Colorado's state judiciary committee took the first step this week in repealing a decades-old statute that criminalizes libel.
The bill passed with a 6-0 vote — with one voting member absent — on Tuesday, and is expected to go before the full Senate later this week.
“If you say civil libel law has a chilling effect, a criminal libel law might have a freezing effect,” said David Hudson, a scholar at the First Amendment Center and adjunct law professor at Vanderbilt University.
Under current Colorado law, “a person who shall knowingly publish or disseminate … any statement or object tending to blacken the memory of one who is dead, or to impeach the honesty, integrity, or reputation or expose the natural defects of one who is alive, and thereby to expose him to public hatred, contempt, or ridicule, commits criminal libel.”
The proposed legislation – sponsored by Republican Sen. Greg Brophy – would effectively end the criminalization of libel statute in the state. A number of states still have criminalize libel statutes on their books, although they are rarely used.
While prosecutions under the state's criminal libel law may be few and far between, seven charges were brought within the last two years, with each defendant facing a felony charge and up to 18 months in prison with a possible $100,000 fine.
Opponents referred to the law as “archaic,” calling its repeal “long overdue.”
This move to eliminate the state's libel statute stemmed from a case involving a satirical online student publication at the University of Northern Colorado.
The publication, started by Thomas Mink and other students in 2003 after budget cuts took away funding from the school's newspaper, published an altered picture of a university professor, Junius Peake, portrayed as Gene Simmons from the rock band Kiss. The Howling Pig labeled him a "mascot" renaming their editor-in-chief "Mr. Junius Puke."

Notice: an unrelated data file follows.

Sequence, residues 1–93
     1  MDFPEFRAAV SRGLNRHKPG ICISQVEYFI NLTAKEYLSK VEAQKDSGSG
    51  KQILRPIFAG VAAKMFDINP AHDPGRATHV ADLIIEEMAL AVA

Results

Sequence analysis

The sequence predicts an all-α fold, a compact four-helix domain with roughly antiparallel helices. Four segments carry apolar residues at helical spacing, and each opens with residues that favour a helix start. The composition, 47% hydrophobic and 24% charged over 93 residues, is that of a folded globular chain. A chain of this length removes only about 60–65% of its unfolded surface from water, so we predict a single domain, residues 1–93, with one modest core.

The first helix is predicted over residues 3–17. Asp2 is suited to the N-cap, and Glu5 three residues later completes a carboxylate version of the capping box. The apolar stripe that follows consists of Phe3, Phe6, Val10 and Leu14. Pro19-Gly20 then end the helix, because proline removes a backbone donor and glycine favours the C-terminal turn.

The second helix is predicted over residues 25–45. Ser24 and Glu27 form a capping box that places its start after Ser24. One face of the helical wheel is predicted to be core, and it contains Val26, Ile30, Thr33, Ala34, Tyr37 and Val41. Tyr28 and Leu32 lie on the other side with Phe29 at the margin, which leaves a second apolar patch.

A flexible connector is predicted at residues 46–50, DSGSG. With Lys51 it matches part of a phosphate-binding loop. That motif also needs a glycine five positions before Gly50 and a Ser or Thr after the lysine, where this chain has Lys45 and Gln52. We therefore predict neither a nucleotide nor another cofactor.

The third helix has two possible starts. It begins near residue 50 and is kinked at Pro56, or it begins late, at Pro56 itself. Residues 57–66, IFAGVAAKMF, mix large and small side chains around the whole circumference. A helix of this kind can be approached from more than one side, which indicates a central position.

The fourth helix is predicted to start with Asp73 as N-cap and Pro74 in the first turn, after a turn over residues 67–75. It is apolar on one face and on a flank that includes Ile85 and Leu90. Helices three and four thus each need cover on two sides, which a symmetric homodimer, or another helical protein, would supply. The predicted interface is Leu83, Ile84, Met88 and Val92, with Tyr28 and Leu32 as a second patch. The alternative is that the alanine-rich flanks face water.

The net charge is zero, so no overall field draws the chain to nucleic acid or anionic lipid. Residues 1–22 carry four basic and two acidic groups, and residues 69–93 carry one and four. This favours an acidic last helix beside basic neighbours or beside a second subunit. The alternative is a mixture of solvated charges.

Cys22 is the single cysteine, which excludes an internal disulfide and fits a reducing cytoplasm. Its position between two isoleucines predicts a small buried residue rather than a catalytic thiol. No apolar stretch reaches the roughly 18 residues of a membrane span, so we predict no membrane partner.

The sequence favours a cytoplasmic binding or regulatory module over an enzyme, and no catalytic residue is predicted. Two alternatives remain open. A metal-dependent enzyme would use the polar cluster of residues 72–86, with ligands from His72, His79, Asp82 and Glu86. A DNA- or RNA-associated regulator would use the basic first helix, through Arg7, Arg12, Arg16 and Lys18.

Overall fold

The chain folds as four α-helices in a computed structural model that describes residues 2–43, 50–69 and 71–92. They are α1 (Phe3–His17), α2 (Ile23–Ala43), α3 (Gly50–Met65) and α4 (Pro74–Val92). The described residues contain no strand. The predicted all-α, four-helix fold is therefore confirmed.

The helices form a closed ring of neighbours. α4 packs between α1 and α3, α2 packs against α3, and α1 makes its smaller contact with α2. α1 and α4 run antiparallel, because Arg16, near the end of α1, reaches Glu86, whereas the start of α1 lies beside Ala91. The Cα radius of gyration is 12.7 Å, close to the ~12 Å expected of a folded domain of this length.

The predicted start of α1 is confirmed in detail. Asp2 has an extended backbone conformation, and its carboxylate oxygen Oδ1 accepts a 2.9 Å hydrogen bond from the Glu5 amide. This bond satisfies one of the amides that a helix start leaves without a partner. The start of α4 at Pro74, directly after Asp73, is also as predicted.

After a criminal complaint from Peake in December 2003, police seized Mink's computer and informed him he would soon face criminal libel charges. But the American Civil Liberties Union intervened and U.S. District Judge Lewis Babcock prevented Susan Knox, then an assistant district attorney, from prosecuting Mink in January 2004. Mink filed a civil lawsuit against the officers who searched his home and Knox, who ordered the search.
For eight years the case between Mink and Knox weaved in and out of Colorado courts – reaching the U.S. District Court of Appeals (Tenth Circuit) three times – before it finally settled out of court in December.
The ACLU fought to have the statute deemed unconstitutional, but the claim was rendered moot because criminal charges against Mink were dropped, said Denise Maes, the director of public policy for the Colorado chapter of the ACLU. An ACLU representative testified before the senate committee yesterday in favor of repealing the law.
But Mink's case did shed light on the criminal libel statute, Maes said, ultimately inspiring Sen. Brophy to introduce legislation to repeal the law.
Over the years many states have repealed their criminal libel laws. Most recently, Washington state's law was repealed in 2009 after a state Court of Appeals ruled the law unconstitutional. Under U.S. Supreme Court precedent, criminal libel laws survive constitutional scrutiny only if the statements are proven to be false and made with actual malice.
But laws in each state differ.
In 1991, the Colorado Supreme Court upheld the criminal libel statute when it ruled actual malice need not be proven in cases involving private individuals. While truth may be the absolute defense in some cases, in Colorado it is not.
"Repeal of the statute won't create any earth shattering events, but none the less I think it is hard to know what chilling effect on speech it has had, because people aren't saying the things they otherwise would," Maes said.
The ACLU is working to find a co-sponsor of the bill in the Colorado House of Representatives.